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What’s beneath Jupiter’s cloud cover? NASA’s Juno takes a sneak peek

Scientists said Jupiter’s jet streams, related to the familiar stripes on its surface, plunge some 1,800 miles (3,000 km) below cloud level, and that its deep interior is comprised of a fluid hydrogen and helium mixture that rotates as if it were a solid body.

world Updated: Mar 08, 2018 10:40 IST
Reuters
Reuters
Reuters, Washington
Jupiter,Juno,NASA
This handout picture provided by Nature shows Jupiter's South Pole in a mosaic of images acquired by the Jovian InfraRed Auroral Mapper at wavelengths. Jupiter's tempestuous, gassy atmosphere stretches some 3,000 kilometres (1,860 miles) deep and comprises a hundredth of the planet's mass, studies based on observations by NASA's Juno spacecraft revealed on March 7, 2018. (AFP)

The interior of Jupiter is just as intriguing as the planet’s dazzling surface, with a swirling mixture of liquid hydrogen and helium at its center, vast atmospheric jet streams and exotic gravitational properties, scientists said on Wednesday.

Data from NASA’s Juno spacecraft, orbiting the solar system’s largest planet since 2016, is providing researchers with what they called unprecedented insight into Jupiter’s internal dynamics and structure. Until now, scientists have had scant information about what lies below Jupiter’s thick red, brown, yellow and white clouds.

This composite image provided by NASA, derived from data collected by the Jupiter-orbiting Juno spacecraft, shows the central cyclone at the planet's north pole and the eight cyclones that encircle it. Jupiter’s poles are blanketed by geometric clusters of cyclones and its atmosphere is deeper than suspected, scientists reported Wednesday. (AP)

“Juno is designed to look beneath these clouds,” said planetary science professor Yohai Kaspi of the Weizmann Institute of Science in Israel, who led part of the research using Juno’s new measurements of Jupiter’sgravity.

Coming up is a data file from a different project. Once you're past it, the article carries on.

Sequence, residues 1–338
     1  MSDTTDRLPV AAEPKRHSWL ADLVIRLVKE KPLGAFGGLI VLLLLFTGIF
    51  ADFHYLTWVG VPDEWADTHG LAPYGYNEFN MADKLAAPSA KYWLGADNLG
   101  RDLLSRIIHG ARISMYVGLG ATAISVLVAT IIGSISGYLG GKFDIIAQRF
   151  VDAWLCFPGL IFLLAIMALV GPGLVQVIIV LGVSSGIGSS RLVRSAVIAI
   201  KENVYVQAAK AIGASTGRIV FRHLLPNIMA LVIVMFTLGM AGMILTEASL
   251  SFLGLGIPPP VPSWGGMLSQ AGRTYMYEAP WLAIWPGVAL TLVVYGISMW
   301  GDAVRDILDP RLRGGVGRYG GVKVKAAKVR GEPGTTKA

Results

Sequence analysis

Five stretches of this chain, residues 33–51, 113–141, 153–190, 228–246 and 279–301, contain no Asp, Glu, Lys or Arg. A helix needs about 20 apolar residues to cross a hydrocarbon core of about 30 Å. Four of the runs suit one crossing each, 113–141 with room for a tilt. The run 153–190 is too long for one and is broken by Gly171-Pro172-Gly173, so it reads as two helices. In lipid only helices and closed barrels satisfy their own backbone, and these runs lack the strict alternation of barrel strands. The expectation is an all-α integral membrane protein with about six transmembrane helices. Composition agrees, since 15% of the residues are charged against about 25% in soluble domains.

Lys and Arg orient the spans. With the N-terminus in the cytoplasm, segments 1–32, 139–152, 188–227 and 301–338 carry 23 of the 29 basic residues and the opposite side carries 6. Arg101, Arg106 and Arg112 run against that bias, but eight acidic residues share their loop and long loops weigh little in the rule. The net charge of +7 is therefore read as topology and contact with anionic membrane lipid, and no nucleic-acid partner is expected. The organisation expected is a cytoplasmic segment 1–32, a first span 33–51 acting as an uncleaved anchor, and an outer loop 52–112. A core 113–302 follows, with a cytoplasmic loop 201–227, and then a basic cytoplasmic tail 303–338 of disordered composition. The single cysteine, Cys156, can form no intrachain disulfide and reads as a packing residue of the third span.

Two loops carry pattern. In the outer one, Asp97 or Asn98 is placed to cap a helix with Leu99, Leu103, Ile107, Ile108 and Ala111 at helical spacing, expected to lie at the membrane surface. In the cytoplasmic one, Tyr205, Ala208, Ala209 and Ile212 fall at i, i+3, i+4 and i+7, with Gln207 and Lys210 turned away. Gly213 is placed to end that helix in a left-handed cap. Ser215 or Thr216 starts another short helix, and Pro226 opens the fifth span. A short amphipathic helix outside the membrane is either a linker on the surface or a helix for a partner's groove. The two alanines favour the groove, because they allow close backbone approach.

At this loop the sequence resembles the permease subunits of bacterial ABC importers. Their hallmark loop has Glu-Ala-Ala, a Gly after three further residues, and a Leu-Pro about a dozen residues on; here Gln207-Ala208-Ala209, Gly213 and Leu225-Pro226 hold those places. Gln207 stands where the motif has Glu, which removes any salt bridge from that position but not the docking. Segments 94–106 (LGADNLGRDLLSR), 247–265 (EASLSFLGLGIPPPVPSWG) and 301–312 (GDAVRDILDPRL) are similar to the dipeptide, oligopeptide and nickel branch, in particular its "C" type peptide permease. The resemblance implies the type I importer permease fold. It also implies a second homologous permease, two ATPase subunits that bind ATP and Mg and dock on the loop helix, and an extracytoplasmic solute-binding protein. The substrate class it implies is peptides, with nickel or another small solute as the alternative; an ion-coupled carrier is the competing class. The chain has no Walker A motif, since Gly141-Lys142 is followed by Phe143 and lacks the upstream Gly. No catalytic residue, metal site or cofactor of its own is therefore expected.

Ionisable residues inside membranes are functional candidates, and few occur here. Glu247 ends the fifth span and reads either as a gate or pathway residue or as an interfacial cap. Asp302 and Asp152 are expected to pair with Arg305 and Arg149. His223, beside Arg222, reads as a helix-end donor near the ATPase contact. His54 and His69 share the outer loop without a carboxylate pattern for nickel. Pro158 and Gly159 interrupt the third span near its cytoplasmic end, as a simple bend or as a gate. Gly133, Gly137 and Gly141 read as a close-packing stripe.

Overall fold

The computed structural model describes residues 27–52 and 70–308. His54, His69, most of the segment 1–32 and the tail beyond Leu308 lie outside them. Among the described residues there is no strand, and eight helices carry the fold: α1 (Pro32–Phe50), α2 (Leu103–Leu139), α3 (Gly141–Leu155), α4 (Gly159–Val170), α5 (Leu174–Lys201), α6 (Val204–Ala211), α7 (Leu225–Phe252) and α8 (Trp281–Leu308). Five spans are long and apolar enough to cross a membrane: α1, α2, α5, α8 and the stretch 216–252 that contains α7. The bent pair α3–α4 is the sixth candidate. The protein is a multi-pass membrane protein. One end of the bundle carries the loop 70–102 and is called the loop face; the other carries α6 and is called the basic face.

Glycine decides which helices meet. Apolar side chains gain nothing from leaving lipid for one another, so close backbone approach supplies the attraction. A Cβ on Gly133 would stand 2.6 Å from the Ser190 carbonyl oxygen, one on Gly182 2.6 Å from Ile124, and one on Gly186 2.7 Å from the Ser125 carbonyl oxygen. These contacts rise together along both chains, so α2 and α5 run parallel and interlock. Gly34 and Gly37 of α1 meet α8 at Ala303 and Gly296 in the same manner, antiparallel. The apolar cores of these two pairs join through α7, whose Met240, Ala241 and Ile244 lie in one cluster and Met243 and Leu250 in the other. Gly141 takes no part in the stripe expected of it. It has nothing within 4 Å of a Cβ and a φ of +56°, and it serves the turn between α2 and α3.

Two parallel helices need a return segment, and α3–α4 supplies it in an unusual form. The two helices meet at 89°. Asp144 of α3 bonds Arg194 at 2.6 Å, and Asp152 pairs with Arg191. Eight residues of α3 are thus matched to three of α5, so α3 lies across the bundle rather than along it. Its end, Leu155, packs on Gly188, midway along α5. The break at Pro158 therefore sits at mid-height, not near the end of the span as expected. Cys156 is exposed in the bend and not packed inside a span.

“On Jupiter, a gaseous planet without a solid surface, we can only gather information from orbit,” added aerospace engineering professor Luciano Iessof Sapienza University of Rome, who also led part of the research.

Jupiter is a type of planet called a gas giant, as opposed to rocky planets like Earth and Mars, and its composition is 99 percent hydrogen and helium. Juno’s data showed that as you go deeper under the surface, Jupiter’s gas becomes ionized and eventually turns into a hot, dense metallic liquid.

An illustration depicting the US space agency's Juno spacecraft in orbit above Jupiter's Great Red Spot. (NASA/JPL-Caltech/Handout via REUTERS)

The scientists said Jupiter’s jet streams, related to the familiar stripes on its surface, plunge some 1,800 miles (3,000 km) below cloud level, and that its deep interior is comprised of a fluid hydrogen and helium mixture that rotates as if it were a solid body.

“The very center may contain a core made of high-pressure and high-temperature rocks and perhaps water, but it is believed to be fluid as well, not solid,” said planetary scientist Tristan Guillot of theUniversitéCôte d’Azur in Nice, another of the research leaders.

Jupiter's Great Red Spot is shown in this photo taken July 10, 2017. (REUTERS)

Juno’s data showed a small but significant asymmetry between the gravitational field of Jupiter’s northern and southern hemispheres, driven by the immense jet streams. The deeper the jets streams go, the more mass they contain, exerting a strong effect on Jupiter’s gravitational field, Kaspi said.

Jupiter, the fifth planet from the sun, dwarfs the solar system’s other planets, measuring about 89,000 miles (143,000 km) in diameter at its equator, compared with Earth’s diameter of about 8,000 miles (12,750 km). It is big enough that 1,300 Earths could fit inside it.

The research was published in the journal Nature.

First Published: Mar 08, 2018 10:36 IST